Sunday March 4 2007 00:00 IST
CHENNAI: A three-judge Bench of the Madras High Court has upheld the constitutional validity of the Tamil Nadu Protection of Interests of Depositors (in financial establishments) Act, 1997, enacted by the then DMK Government.
“The State Government had rightly enacted the legislation to protect the interest of the public and regulate the activities of the financial establishments. We hold that the impugned Act does not suffer from any legislative competency, nor its provisions are arbitrary or unreasonable or violative of principles of natural justice. We hope that the State Government shall vigorously enforce the Act with sympathy for the victim classes and show progressive measures in action,” the Bench, comprising Justice P D Dinakaran, P S S Janarthana Raja and Justice K Chandru observed in its 164-page order.
The Bench gave the ruling while passing orders on a batch of writ petitions, including many financial establishments challenging the constitutional validity of the Act.
The petitioners argued that the Act lacked legislative competency of the State Government as ‘banking’ was a subject coming under the purview of the Central Government.
The provisions of the Act were also arbitrary and violative of principles of natural justice as the ‘competent authority’ was provided with ‘unguided’ powers for attachment of properties of financial establishments, they contended and sought to declare the Act as unconstitutional.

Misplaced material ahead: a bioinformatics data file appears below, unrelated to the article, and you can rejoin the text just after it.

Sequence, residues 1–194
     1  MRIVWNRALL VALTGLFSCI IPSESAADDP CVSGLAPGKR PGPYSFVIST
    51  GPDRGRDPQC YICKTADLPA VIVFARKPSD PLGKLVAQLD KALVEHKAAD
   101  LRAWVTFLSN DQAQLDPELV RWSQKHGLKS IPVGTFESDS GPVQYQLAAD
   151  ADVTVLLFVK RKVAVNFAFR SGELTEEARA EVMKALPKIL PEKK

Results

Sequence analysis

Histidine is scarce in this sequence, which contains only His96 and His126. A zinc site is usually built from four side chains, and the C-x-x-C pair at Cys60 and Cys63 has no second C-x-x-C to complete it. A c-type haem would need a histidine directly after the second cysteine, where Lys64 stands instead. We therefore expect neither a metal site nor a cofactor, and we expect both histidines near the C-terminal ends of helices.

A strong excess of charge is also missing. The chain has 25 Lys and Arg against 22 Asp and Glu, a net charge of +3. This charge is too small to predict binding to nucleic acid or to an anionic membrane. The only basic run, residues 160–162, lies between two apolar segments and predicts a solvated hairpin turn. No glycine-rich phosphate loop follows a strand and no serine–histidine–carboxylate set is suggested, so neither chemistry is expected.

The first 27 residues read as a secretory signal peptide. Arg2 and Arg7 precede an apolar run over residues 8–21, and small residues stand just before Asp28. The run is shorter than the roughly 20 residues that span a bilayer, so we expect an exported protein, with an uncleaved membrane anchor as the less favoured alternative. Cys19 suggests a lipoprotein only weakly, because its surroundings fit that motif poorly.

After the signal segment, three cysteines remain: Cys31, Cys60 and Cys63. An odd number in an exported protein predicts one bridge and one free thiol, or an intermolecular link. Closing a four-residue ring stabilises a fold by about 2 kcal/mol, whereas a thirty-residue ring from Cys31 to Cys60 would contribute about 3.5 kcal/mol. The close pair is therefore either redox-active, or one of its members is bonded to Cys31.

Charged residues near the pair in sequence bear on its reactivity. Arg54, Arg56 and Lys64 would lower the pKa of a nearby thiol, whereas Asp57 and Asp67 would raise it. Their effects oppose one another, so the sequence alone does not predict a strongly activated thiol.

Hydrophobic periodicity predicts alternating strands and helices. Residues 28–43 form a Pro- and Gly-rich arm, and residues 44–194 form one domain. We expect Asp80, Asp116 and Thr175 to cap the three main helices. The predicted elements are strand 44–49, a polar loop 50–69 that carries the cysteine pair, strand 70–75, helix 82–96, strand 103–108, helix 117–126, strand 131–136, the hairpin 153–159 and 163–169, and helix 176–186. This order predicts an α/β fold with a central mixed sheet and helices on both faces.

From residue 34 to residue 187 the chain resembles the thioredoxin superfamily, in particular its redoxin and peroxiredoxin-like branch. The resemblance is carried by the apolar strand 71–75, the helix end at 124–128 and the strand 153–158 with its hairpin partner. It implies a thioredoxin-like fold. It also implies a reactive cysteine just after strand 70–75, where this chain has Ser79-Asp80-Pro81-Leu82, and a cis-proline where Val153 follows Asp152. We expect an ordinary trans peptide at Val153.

The petitions originally came up for hearing before a two-judge Bench and was later referred to the Full Bench.
On behalf of the State Government, it was submitted that as per the statistics in July 2002, about Rs 1,945 crore was collected by various financial establishments from over 19 lakh depositors, who belonged to poor and middle-income families, retired government servants and pensioners.
The money was either siphoned or diverted mala fide in the hands of the financial establishments.
The deliberate and fraudulent default of the financial institutions in repaying the deposits was unique and well organised and such activities constituted while-collar crime that ruined the safety and interest of the depositors, the government contended.
Stating that such financial establishments had not obtained registration under the Companies Act and also not obtained licence from the Reserve Bank of India, the government said the hue and cry of the depositors also led to the law and order problems and therefore it had rightly enacted the law to meet the urgent public need and provide a permanent solution to such problems.
A special court, constituted under the Act, was already dealing with such cases.
On perusal of the case, the Bench said, “The impugned Act as a whole inspires confidence of the societal realities, magnificently satisfies the principles of natural justice and excellently meets the needs of the victims”.
“The State Government had carefully taken into consideration the public resentment as well as the public interest and safety, as the financial institutions went back from their promise on the interest, but also failed to refund the principal amount to the depositors.”
Holding that there was no repugnancy between the impugned Act and the Central enactments, the Bench said a verdict of the Bombay High Court, quashing a similar enactment of the Maharashtra Government had no bearing to test the constitutional validity of the Tamil Nadu Act.
The New Indian Express